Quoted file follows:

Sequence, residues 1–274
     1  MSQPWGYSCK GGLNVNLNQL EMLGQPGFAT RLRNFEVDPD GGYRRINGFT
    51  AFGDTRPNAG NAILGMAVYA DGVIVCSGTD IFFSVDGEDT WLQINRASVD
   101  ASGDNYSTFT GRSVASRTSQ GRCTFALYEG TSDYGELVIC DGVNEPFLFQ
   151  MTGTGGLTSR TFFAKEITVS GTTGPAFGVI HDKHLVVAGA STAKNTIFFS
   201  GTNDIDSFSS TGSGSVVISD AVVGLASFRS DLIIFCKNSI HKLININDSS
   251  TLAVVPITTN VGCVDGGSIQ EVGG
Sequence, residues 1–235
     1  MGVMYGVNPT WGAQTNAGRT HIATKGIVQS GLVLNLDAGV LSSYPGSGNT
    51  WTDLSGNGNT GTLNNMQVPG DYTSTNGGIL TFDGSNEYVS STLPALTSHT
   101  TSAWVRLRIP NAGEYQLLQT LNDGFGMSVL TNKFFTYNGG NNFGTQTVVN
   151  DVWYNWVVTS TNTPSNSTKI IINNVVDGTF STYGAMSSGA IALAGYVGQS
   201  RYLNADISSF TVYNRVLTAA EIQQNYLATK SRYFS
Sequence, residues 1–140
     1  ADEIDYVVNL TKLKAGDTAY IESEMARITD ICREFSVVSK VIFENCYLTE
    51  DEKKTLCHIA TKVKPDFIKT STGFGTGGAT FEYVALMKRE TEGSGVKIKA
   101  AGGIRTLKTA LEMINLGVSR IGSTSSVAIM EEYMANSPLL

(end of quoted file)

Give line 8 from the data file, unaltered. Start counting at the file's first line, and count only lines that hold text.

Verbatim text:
Sequence, residues 1–235